Officer Suicides, by John Fredericks

Around the country, there has been another rash of police suicides, this week claiming two
officers in Ohio. Of course, there has been many more, but we, as a society, don’t want to hear
about suicide. Law enforcement executives don’t like to acknowledge it, because morale is just
fine. Cops don’t want to talk about it, because that’s touchy-feely crap we’d rather just shake
our head at, say, “that sucks,” and carry on. We love to carry on.

The truth of the matter is that we rarely carry on the way we started out day. We see, hear,
smell, and experience things that aren’t normal. We go through it daily. When our shift is over,
we go home to our spouse, our kids, our significant other, go back to being the “regular guy,”
the average citizen, a normal person. Our brains are expected to go from cop to average Joe
when we punch the clock. It isn’t realistic.

No one can experience the death, the sorrow, the destruction and violence cops do on a daily
basis and flick a switch back to being the average human. There’s too great a weight.
It seems that this is a new phenomenon to a younger generation of cop. It isn’t. Police suicide
is a story as old as the badge itself. These days, however, we have a never ending news cycle,
and social media connects us all. Information is disseminated at incredible speeds to vast
audiences. The story of a cop who commits suicide used to be hidden on page three of the
local newspaper; now, his friends and family can use it for calling attention to this crisis on
Facebook. If there is a higher percentage of police suicides in the past, we can look at a society
vastly changed from our grandparents day, and rarely for the better.

Post Traumatic Stress Disorder. Cops hate that phrase. Something’s wrong, but it can’t be
seen, it can only be experienced in intangible ways. The views on PTSD fill the spectrum
between “that’s an excuse” to “shake it off” to “that’s something only soldiers in combat
experience.” Those stigmas make it that much more deadly, because it encourages the sufferer
to not say anything out of fear of being ostracized, on top of everything else.
Though PTSD is often thought of as the result of a specific event, this isn’t always the case.
There is “cumulative PTSD.” This is the result of years of negative experiences common with
police work. Everyone knows that you weren’t the same person on your 10th anniversary as
you were the day you graduated the academy. That’s an effect of cumulative PTSD. When that
is met by the unpredictable “big event,” the shooting, the crash, the injury, it can cause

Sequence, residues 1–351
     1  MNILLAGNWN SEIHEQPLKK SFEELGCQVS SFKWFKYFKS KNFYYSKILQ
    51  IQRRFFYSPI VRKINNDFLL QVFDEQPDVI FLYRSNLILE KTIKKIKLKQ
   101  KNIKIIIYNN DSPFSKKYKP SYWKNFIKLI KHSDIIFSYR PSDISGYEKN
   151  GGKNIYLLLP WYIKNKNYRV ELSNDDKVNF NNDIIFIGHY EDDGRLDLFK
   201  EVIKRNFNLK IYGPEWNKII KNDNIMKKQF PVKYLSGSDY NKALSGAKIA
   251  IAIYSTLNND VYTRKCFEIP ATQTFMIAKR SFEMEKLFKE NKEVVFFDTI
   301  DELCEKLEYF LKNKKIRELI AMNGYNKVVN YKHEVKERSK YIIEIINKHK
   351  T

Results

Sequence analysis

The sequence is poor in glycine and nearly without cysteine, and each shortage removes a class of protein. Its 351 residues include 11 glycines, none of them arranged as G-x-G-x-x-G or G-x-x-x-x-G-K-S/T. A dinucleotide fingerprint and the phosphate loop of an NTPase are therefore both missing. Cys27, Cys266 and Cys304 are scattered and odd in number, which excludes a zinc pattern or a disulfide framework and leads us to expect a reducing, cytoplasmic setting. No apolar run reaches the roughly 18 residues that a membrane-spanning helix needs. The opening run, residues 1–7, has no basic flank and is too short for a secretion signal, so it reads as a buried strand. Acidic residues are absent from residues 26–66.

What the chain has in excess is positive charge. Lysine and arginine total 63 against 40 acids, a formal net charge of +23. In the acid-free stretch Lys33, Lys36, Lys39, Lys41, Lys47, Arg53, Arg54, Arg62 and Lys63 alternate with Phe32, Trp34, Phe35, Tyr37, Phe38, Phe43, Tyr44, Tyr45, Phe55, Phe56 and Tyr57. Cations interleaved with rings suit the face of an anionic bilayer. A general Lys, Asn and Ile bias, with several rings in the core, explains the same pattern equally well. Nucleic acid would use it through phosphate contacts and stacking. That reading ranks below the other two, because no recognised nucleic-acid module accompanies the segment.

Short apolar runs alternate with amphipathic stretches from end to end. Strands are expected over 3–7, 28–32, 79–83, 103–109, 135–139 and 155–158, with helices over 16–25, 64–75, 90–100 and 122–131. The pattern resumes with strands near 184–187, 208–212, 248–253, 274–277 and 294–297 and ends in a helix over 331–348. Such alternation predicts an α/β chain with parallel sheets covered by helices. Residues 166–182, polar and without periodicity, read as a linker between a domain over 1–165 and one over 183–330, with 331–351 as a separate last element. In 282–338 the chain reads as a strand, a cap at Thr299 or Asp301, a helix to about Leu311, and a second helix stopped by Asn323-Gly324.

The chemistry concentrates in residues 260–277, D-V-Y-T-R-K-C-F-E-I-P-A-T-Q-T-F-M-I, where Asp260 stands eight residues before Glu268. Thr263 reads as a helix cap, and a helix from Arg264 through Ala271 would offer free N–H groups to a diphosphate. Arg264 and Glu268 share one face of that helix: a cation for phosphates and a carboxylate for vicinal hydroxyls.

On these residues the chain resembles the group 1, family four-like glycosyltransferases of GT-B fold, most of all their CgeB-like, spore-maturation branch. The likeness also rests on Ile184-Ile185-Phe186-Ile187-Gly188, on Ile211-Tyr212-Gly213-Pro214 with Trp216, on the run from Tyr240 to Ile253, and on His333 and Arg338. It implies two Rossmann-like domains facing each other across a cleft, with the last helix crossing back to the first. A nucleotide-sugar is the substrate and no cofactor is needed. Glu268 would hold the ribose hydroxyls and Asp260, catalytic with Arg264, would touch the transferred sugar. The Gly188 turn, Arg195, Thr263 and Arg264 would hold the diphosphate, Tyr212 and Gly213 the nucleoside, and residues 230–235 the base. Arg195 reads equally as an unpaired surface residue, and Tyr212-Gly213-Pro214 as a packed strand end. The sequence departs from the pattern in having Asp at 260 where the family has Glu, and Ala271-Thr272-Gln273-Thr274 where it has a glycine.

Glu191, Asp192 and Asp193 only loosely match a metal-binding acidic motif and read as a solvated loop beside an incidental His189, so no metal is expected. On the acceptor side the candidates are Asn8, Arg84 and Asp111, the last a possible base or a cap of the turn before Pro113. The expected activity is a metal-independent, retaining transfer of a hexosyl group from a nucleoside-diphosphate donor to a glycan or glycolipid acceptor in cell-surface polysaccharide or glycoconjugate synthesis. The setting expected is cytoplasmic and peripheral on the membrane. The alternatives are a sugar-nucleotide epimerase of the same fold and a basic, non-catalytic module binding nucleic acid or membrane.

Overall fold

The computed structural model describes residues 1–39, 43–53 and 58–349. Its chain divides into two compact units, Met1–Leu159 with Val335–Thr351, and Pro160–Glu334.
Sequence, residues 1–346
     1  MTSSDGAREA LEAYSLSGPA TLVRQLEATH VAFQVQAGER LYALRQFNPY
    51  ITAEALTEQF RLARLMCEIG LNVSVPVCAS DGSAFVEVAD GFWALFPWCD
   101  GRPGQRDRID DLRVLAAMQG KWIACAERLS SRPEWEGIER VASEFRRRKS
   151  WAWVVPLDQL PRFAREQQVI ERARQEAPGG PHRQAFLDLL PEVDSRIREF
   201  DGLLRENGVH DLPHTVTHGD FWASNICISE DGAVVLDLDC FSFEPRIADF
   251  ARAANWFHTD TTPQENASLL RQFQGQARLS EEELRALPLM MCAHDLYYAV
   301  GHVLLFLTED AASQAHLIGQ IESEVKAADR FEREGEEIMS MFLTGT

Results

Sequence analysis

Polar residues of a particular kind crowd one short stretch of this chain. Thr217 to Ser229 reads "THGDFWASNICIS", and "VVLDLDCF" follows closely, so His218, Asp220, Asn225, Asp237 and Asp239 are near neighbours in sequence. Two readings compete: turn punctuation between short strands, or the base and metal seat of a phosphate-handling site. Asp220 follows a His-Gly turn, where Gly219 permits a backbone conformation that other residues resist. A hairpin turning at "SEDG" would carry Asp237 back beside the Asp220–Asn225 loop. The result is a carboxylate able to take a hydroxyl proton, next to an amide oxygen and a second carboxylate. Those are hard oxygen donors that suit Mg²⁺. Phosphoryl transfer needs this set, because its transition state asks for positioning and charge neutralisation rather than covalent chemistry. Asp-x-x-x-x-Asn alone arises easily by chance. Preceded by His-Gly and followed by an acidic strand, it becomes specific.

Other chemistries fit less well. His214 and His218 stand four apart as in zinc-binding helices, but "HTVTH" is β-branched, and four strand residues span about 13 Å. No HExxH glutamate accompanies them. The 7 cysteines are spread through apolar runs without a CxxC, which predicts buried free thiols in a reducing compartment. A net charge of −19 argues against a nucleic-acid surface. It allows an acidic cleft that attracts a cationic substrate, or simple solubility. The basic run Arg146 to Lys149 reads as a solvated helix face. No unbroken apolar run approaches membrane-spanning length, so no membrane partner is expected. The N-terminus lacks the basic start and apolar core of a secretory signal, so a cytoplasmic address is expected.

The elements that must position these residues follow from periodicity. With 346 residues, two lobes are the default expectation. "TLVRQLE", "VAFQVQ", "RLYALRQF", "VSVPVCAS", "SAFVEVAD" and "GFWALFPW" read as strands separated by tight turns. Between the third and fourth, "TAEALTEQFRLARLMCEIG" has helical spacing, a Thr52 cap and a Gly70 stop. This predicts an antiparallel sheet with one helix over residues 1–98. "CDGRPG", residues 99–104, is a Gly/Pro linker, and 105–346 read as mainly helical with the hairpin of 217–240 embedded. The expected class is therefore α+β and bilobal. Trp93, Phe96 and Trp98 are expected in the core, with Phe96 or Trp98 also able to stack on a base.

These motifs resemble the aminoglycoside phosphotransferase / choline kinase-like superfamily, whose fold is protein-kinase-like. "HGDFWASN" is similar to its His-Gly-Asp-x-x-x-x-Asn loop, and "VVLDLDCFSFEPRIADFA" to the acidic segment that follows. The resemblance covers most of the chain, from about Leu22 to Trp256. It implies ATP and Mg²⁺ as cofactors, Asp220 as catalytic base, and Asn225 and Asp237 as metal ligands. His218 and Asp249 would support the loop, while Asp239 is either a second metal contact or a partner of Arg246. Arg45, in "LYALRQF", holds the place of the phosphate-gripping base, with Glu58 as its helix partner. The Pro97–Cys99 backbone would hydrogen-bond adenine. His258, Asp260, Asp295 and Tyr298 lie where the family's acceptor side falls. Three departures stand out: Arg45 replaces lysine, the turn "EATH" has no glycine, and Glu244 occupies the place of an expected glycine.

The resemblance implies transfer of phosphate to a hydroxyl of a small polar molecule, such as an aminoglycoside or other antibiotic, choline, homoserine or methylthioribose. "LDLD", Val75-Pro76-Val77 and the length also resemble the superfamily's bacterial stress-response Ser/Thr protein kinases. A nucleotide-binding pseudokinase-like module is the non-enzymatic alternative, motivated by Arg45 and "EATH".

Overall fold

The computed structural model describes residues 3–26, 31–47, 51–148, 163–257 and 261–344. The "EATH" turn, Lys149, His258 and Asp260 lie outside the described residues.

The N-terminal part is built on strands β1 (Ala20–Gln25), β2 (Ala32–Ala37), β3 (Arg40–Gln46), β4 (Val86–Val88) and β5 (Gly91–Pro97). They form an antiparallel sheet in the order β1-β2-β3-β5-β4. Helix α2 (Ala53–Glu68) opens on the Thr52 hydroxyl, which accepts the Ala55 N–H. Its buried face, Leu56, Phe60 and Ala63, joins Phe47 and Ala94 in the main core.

significant damage to an officer. That “big event” doesn’t always happen on the job. The
percentage of cops who get divorced soars above the national average. The feelings of loss,
helplessness, associated with divorce or the loss of a loved one can bring that cumulative PTSD
to the front.

Many officers would rather not admit they have any problem. When it comes to psychological
issues, we definitely don’t want to speak of it, because we’re then “admitting weakness.” Many
try to self medicate. This is the fast lane on the road to ruin.

An officer is more likely to die at his own hand than be killed accidentally or feloniously on the
job. Twice as likely. Considering the number of duty deaths, which is now finally receiving
some of the recognition they deserve in the media, that is a scary fact. Since there is no
national database, that’s still underreported. When you add in officers who have left The Job
due to injury, PTSD, or even those who’ve retired, the number of police suicide rate enters the
“your guess is as good as mine” zone.

It’s up to us to look out for each other. Your partner is not likely to tell you, one night, that she is
feeling suicidal. There is no question that if an officer needs help in the field, you wouldn’t get
there fast to help. Because in that real, tangible situation, you know that we’re all we got. You
would do anything for your blue family. Talk to them! Get personal. If something isn’t right, you
know it. Get involved. Let her know you’re there for her. Ask him for details. Let him know
he’s not alone in this fight! Come up with a battle plan. Do not blow it off.

If you’re an officer in crisis, let me tell you that you are not alone. I know that that sounds cliché.
Believe me, I’ve been in those shoes, feeling helpless, like no one could possibly understand,
angry and alone. You haven’t gotten this far in life by giving up without a fight, don’t start now!
There are numerous resources available to people in crisis. The hardest part for us, as cops, is
to raise our hand and say, “I need help.” But, it could be the bravest and most rewarding thing
you do for yourself. Make an appointment with a therapist. Go lay it out. Take the therapist’s
advice, and any medication you may get prescribed! Talk with your clergy, your significant
other, your buddy, your partner, do absolutely everything before surrendering.
Just like you would on the street. Because we need you. Your family needs you. Your friends need you.
Your partners need you. You’re worth fighting for.

If you are in crisis, there is a national police suicide hotline available for you, run by active and
retired officers. Call Copline at 1-800-267-5463.

For further information on statistics and warning signs, see the article written by Mark Bond